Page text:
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Reviews of On the Clock by Emily Guendelsberger

On the Clock

What Low-Wage Work Did to Me and How It Drives America Insane

by Emily Guendelsberger

On the Clock by Emily Guendelsberger X
On the Clock by Emily Guendelsberger
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     Not Yet Rated
  • First Published:
    Jul 2019, 352 pages

    Paperback:
    Jul 2020, 352 pages

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Book Reviewed by:
Tara Mcnabb
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About this Book

Book Summary

The bitingly funny, eye-opening story of a college-educated young professional who finds work in the automated and time-starved world of hourly labor.

After the local newspaper where she worked as a reporter closed, Emily Guendelsberger took a pre-Christmas job at an Amazon fulfillment center outside Louisville, Kentucky. There, the vending machines were stocked with painkillers, and the staff turnover was dizzying. In the new year, she travelled to North Carolina to work at a call center, a place where even bathroom breaks were timed to the second. And finally, Guendelsberger was hired at a San Francisco McDonald's, narrowly escaping revenge-seeking customers who pelted her with condiments.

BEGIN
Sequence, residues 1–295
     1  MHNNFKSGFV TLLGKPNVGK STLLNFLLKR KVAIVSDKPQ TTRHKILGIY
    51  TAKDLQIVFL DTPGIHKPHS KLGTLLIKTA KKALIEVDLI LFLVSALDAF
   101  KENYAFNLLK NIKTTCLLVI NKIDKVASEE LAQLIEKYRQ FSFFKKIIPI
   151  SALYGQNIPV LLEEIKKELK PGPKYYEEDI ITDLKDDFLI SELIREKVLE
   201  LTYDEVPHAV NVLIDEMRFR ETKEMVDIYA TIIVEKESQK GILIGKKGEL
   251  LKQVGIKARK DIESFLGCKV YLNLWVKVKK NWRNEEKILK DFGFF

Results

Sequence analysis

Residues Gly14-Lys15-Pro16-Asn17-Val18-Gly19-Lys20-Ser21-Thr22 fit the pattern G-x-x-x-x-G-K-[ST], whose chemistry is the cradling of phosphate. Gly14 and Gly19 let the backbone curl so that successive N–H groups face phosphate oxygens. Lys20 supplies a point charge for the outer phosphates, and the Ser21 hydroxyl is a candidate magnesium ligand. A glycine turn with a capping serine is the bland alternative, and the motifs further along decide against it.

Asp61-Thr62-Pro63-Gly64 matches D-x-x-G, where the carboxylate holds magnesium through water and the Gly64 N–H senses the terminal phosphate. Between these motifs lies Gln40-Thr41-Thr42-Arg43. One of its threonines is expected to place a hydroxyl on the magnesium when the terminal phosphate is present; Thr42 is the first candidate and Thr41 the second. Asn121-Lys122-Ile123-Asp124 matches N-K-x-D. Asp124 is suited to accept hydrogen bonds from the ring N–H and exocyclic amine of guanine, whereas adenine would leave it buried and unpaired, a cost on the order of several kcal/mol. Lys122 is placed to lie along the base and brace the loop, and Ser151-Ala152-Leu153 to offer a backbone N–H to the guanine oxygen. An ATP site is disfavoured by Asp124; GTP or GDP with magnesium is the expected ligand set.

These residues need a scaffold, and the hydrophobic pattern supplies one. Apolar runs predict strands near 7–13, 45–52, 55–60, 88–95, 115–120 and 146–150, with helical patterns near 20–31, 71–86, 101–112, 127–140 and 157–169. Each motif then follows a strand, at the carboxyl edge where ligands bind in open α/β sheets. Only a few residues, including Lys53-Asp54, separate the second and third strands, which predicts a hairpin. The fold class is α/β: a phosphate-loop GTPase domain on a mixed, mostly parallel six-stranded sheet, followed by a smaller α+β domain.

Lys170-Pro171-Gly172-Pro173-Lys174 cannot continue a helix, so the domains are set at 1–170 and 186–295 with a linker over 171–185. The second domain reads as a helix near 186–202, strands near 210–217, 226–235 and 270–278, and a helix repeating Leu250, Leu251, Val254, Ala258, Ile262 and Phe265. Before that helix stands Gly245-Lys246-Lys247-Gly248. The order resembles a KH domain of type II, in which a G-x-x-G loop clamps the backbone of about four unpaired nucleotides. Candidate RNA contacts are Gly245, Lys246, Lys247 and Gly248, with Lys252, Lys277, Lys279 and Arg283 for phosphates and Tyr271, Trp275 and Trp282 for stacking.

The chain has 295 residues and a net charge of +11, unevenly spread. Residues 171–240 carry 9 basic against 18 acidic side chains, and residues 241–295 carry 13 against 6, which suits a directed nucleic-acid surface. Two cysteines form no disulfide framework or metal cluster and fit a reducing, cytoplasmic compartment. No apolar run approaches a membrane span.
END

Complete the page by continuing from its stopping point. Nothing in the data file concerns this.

Across three jobs, and in three different parts of the country, Guendelsberger directly took part in the revolution changing the U.S. workplace. On The Clock takes us behind the scenes of the fastest-growing segment of the American workforce to understand the future of work in America - and its present. Until robots pack boxes, resolve billing issues, and make fast food, human beings supervised by AI will continue to get the job done. Guendelsberger shows us how workers went from being the most expensive element of production to the cheapest - and how low wage jobs have been remade to serve the ideals of efficiency, at the cost of humanity.